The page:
Bottles and binkies pose hazards for toddlers

By • Published: July 6th, 2012
Category: Health in a Heartbeat

The knife drawer, toxic cleaners, hard-edged tables, tile floors, kitty cat claws … these are things moms and dads tend to worry about when it comes to objects that could hurt an unsuspecting toddler.

Sippy cups, bottles and pacifiers are solidly in most parents’ safe-for-little-one list, along with snuggly teddy bears.

But, as many parents know, almost anything can pose a hazard when it comes to your child … and staples like bottles and binkies are no exception. In fact, a new study in the journal Pediatrics shows that more than 2,000 children under 3 wind up in emergency rooms each year for injuries related to bottles, sippy cups and pacifiers. The study’s authors say this is equivalent to one child every four hours.

The problem, generally, is not the objects themselves, but what kids do when they have them. One-year-olds faced the most risk because that’s prime age for learning to walk, and toddlers fall … a lot. When children fall with a bottle or binky, cuts and injuries to the face, teeth and mouth can occur.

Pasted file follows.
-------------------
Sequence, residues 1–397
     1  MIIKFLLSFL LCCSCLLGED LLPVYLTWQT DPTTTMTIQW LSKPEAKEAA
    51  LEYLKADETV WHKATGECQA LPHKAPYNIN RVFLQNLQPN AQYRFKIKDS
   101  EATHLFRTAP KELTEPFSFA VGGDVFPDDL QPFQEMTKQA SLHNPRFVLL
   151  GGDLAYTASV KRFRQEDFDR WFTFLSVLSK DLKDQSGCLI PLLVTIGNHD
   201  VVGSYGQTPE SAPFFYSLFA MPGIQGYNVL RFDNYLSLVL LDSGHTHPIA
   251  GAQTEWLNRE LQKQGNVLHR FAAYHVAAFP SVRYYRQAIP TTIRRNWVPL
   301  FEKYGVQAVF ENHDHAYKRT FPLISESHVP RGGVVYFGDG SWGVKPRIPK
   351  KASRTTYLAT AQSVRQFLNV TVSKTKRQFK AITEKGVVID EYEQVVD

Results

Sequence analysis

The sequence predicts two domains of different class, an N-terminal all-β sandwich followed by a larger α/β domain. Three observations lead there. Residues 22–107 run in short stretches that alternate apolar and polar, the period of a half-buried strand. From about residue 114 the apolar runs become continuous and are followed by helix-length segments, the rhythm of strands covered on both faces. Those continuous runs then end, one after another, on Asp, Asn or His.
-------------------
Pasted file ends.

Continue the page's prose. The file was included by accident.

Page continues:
According to the study, two-thirds of injuries were related to bottles and one-fifth involved pacifiers. The American Academy of Pediatrics advises parents to wean babies from pacifiers around 6 months of age.

A-A-P guidelines also call for parents to switch from bottles to regular cups when baby turns 1 and is beginning to walk. However, a Canadian study found that nearly 90 percent of children between 1 and 2 use sippy cups with lids. Because these cups prevent spills, children often walk around with them, increasing their risk of injury.

Short of strapping your toddler into a helmet, here are a few tips to keep your tot safe. Follow A-A-P guidelines and wean from bottles at age 1. Also, avoid letting your child walk around with drinks or objects in his or her mouth.

It just might save you a trip to the emergency room.